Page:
Today’s Blog – Thursday 21st January 2016

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Yesterday we noted that crude oil supply side “spare capacity” was now arguably held in tanks rather than below the ground.  Developing this theme further, we could characterise the last year’s oil price rout as being driven by something really very minor – namely the elevation by a few thousand feet of a few hundred million barrels of crude oil from sub-surface reservoirs into on-surface tanks.

There have no material discoveries to change the supply side.  Indeed discoveries continue to be far less than consumption and that trend would have worsened last year and will be even worse this year (and the next few – exploration has been cut to the bone by companies large and small).

Looking at the oil market through a very different lens to the ones being used to set prices, we could make the case that the supply side has never been tighter:

  • Global on-surface inventories cover at best 3 months demand.
  • There is effectively no sub-surface spare capacity behind pipe, ex-Libya.
  • Iranian and other OPEC spare capacity is mostly PUDs –, time and expertise is required to produce it.
  • Depletion continues from existing reservoirs at ~6% per annum.
  • No material discoveries are being added from exploration.
  • Adding reserves by increasing recovery factors in existing reservoirs mathematically cannot go on forever and faces diminishing returns.

Commodity prices

Crude market participants clearly disagree with the above analysis, with further falls seen overnight.  Brent closed at US$28.25 and WTI fell harder to US$26.55.

The weekly EIA stock report from the US is a day late due to Monday’s public holiday in the States.  Pre-release estimates (which however seem to have little predictive powers) were gloomy, with a view that a ~3 mmbbl build will occur.

The Henry Hub natural gas price climbed a few cents to close at US$2.12.

LNG and international gas

Yesterday we referred to a Wall Street Journal on an internal email from Petronas CFO regarding capex cuts and speculated this would mean project delays for the likes of the company’s Western Canadian LNG project.

The email has now been published on-line (it is in fact from Petronas’ President) and explicitly said that:

“This means that we are going to have to defer some of our projects”.

Presumably it will also mean that Petronas – like virtually everyone else in the sector – will be considering material divestment opportunities.  Whether non-traditional funds such as private equity will be prepared to take the oil price bet of making purchases just now remains to be seen in 2016.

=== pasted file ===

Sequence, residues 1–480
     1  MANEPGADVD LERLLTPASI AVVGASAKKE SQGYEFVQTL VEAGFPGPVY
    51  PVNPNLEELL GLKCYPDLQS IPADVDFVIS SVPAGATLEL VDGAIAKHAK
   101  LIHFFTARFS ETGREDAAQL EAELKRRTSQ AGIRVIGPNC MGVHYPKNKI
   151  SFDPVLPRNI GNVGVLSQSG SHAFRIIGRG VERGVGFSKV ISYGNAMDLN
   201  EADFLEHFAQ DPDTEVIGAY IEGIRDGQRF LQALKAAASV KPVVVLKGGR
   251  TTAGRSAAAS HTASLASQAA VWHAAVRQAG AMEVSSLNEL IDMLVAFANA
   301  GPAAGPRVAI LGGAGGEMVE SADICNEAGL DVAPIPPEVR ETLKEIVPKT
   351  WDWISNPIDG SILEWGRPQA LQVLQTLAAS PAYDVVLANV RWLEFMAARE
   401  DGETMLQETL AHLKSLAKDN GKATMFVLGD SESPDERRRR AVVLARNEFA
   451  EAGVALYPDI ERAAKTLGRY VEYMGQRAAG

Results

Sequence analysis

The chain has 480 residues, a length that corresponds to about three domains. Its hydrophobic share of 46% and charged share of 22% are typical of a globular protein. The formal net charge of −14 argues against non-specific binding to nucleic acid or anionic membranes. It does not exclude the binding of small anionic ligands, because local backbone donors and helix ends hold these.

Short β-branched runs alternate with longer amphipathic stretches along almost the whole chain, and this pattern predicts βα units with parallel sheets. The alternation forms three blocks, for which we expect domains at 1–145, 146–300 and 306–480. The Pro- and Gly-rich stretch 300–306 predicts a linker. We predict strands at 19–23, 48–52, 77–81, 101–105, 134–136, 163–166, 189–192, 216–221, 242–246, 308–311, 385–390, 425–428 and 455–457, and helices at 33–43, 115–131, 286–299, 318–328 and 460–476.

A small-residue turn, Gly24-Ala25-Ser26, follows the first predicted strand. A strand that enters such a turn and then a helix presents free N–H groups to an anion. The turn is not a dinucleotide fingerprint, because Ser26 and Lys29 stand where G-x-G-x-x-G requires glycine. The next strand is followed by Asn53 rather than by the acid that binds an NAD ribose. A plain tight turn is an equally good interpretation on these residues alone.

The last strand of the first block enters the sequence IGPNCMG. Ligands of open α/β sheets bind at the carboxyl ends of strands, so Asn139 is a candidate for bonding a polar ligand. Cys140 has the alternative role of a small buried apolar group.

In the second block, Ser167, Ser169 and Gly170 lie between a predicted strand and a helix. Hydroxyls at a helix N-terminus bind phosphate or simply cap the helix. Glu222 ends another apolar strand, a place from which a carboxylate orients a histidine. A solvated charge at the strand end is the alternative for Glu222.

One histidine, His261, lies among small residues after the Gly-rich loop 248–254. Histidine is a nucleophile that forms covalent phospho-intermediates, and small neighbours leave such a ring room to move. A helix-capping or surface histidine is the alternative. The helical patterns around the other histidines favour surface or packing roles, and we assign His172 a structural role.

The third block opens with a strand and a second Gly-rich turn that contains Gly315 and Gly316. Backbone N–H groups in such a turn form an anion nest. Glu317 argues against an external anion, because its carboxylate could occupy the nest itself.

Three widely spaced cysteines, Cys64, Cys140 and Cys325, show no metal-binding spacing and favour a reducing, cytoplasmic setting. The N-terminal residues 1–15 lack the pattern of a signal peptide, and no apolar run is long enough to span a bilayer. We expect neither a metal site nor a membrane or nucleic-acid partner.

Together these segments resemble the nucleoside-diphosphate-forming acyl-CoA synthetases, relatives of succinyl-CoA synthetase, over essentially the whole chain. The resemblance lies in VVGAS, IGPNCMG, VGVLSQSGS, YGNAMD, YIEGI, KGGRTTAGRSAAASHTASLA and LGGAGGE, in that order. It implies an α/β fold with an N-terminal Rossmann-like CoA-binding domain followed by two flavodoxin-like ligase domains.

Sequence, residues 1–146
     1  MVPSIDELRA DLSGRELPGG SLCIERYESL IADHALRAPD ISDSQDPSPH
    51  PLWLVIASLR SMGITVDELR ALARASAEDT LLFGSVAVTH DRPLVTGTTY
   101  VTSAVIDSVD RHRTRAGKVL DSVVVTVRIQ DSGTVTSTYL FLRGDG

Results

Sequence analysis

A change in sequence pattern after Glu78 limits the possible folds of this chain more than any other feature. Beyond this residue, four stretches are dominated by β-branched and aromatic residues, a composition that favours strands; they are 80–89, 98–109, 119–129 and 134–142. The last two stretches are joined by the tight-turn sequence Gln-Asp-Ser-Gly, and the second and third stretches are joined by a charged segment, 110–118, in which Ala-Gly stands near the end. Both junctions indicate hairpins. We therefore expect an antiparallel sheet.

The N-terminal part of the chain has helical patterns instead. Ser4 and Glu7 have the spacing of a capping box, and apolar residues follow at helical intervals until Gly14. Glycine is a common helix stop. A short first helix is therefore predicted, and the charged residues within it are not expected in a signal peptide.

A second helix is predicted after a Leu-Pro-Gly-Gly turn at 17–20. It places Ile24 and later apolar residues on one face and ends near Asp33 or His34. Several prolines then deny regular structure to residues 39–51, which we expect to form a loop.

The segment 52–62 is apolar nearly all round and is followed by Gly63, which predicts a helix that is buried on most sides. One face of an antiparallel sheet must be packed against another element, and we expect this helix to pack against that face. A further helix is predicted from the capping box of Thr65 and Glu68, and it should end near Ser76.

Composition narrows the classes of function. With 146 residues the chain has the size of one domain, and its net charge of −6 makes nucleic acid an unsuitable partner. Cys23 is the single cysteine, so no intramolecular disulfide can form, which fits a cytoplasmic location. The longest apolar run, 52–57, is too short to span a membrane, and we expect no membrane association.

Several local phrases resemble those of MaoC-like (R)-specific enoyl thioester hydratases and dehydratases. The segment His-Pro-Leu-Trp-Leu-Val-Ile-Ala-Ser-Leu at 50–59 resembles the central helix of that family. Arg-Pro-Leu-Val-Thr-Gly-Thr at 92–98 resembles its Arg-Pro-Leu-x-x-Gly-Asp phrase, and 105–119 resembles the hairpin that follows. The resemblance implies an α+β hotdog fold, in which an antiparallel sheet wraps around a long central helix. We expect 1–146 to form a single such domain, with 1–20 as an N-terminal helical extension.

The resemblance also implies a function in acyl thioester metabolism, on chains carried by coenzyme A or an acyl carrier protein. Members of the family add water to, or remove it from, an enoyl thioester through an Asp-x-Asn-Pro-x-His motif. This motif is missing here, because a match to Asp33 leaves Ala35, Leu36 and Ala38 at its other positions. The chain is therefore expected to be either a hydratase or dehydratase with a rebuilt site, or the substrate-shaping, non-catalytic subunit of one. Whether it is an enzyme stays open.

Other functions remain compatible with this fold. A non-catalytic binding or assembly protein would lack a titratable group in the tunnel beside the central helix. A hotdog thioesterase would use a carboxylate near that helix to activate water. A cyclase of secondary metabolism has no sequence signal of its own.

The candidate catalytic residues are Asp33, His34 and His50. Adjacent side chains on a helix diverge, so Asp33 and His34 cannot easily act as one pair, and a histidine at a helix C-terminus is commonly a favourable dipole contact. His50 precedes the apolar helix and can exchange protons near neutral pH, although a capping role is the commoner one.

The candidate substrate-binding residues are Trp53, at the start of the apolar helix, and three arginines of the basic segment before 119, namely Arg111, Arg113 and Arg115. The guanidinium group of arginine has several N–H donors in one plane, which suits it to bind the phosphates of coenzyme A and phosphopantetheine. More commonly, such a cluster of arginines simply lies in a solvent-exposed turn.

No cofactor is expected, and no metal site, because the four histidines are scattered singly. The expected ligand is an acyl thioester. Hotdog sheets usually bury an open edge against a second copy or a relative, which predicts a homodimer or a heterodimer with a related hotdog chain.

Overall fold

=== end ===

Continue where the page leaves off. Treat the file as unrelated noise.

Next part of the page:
Company news – Woodside Petroleum (WPL)

WPL put out its quarterly report this morning.  There was little of interest in there from our perspective.  We’ll leave it to the traditional banking analysts to provide readers with updates on dry stuff like percentage changes in production, etc.

All we noted was a good example from some comments from the CEO of an industry wide word du jour: namely his “unrelenting focus” on costs, etc.  Phew – say investors, we were worried that his focus might only be “occasional“.

Fans of BHP will argue however that an “unrelenting” focus is not as exciting as a “laser-like” focus.

Company news – Origin Energy (ORG)

The Australian Financial Review (AFR) published a story today on one of our favourite themes – namely the positioning by ORG to potentially split-off or sell its upstream division (largely being its stake in APLNG in Queensland).

The AFR noted that this had long been resisted by the ORG Board (as who wants to reduce the size of one’s fiefdom – and who are those pesky shareholders anyway?).  However, it noted that investors would be pressing the company on this over the next few months.

Company news – Senex Energy (SXY)

SXY issued its quarterly report today as well. Its current cash position of ~$100M puts its current EV at a very lowly A$40M – around half that of underground coal gasification company, Leigh Creek Energy, for example.

SXY is pursuing an investigation of the tight oil potential of the Murta formation in its extensive Cooper Basin acreage – partially funded by Halliburton.  Extracting this would be highly unlikely to be economic at current oil prices – but if the “code” for this could be cracked, it could be very interesting in what we think is an inevitable return to higher oil prices.

Company news – Drillsearch Energy (DLS)

DLS issued a company update today (we are not sure why it did not wait for its quarterly report).  The DLS and Beach Energy (BPT) “merger” vote is on track for next week.

The company disclosed the sale of its oil production interests in the Santos (STO) operated Tintaburra oil-fields in Queensland.  Price was not mentioned.  We can only conclude that the price was so fabulous that DLS did not want to publicise it in case it embarrassed the purchaser.

Quote of the day

From a recent UBS report on oil market fundamentals, some views which make a lot of sense to us:

“Much of the recent fall, we believe, is short-term momentum driven with limited reference to medium/long-term fundamentals but is not an unusual feature of the market when it tips out of balance….and is a product of OPEC’s decision to produce from its spare capacity rather than leaving crude in the ground.”







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